Marriage measure rejected

After a day full of partisan maneuvering and impassioned debate, a House of Delegates committee rejected yesterday a bill that would place a constitutional amendment banning same-sex marriage on the November ballot.

It was the first clash in what is expected to be a continuing legislative battle over one of the most volatile issues of this year's General Assembly session.


Before the committee rejected the measure, some Democratic lawmakers voted to amend the bill to allow for civil unions, which confer some of the benefits of marriage. Republicans immediately accused Democrats of partisan ploys and inserting a "poison pill" into the measure designed to avoid a debate on the House floor over the politically explosive issue of gay marriage.

In the end, the bill was defeated 22-0. Seven Republicans voted against it because of the added civil-unions provision, and Democrats rejected it because they don't think an amendment is necessary.


Democrats "have basically subverted the process to keep the people of this state from being able to vote on this important issue," said Del. Herbert H. McMillan, an Anne Arundel County Republican and a co-sponsor of the measure. "The key issue we believe is that the people of this state, not the courts, should decide this issue."

Debate over whether gay men and lesbians should marry re-emerged as a political issue two weeks ago, when a Baltimore Circuit Court judge sided with 19 plaintiffs who claimed that a state law defining marriage as between a man and a woman is discriminatory and unconstitutional.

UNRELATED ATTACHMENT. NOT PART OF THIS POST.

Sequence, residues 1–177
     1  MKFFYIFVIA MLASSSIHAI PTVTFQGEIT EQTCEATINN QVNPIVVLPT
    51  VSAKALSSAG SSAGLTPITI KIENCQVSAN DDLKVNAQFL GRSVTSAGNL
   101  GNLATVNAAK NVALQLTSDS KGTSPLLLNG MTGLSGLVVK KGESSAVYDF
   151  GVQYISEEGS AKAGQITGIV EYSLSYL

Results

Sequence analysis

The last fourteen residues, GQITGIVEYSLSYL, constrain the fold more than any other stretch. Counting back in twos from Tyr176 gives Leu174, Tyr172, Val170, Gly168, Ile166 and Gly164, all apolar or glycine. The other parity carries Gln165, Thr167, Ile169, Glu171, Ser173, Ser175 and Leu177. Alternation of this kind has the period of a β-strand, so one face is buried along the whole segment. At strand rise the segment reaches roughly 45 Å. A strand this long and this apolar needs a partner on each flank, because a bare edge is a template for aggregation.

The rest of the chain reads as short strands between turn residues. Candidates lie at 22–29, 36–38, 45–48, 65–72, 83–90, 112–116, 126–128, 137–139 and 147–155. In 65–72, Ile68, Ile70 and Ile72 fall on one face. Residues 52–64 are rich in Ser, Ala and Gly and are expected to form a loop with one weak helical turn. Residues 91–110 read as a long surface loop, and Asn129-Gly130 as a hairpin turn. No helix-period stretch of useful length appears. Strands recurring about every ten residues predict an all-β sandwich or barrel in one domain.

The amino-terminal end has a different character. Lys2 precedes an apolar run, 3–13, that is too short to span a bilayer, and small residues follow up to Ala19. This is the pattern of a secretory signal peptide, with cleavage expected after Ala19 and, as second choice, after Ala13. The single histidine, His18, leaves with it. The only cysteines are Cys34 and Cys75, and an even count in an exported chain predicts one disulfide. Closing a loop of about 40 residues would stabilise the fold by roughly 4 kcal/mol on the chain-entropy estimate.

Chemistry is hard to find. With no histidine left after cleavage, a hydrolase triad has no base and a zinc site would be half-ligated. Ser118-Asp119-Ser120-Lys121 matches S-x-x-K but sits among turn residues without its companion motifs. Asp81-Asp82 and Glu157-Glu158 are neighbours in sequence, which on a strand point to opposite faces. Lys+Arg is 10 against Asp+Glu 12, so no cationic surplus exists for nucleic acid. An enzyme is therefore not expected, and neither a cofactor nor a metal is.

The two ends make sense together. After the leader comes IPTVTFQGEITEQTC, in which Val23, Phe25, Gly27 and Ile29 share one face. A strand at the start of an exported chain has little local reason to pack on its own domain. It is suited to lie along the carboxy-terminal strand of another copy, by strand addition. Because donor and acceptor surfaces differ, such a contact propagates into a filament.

The decision energized foes of gay marriage, who renewed their push for a constitutional amendment.

Republicans argue that an amendment is needed in case an appeals court agrees with the Circuit Court judge. Democrats, mindful that conservative voters could be drawn to the polls in high numbers if such a ballot question appears, say there is no need to change the constitution based on one judge's decision.

Republicans vowed yesterday to continue fighting, possibly using procedural maneuvers to launch debate on the House floor as soon as today.

House rules allow a bill rejected by a committee to be brought to the floor for full consideration with a majority vote of the chamber. Proponents would need 71 votes in the 141-member House to do so; if all 43 Republicans agreed, 28 Democrats would have to join them to begin the debate.

Meanwhile, a similar bill has been filed in the Senate, and McMillan said other House members are considering filing companion bills before a deadline next Friday.

"We will use every parliamentary option we have at our disposal to continue to allow our constituents to have their say," said Del. Christopher B. Shank, a Washington County Republican. "We are not giving up and are continuing that fight."


Democrats, on the other hand, have been strategizing for ways to avoid a floor vote, asserting that the issue should be left in the courts.

Del. Bobby A. Zirkin, a Baltimore County Democrat, said, "It's a very dangerous precedent to change the constitution to restrict the rights of people."

"I've had countless bills put in the drawer, killed by committee, killed by amendment," Zirkin said. "Here Delegate Dwyer thinks this is his bill, and he has decided to make this his cause celebre to bash gays up and down the state of Maryland. It doesn't mean that there is not a process down here that we have to respect. And there is a process in the courts that he also should be respectful of."

Zirkin called a marathon hearing on the bill this week "the lowest moment in my eight years."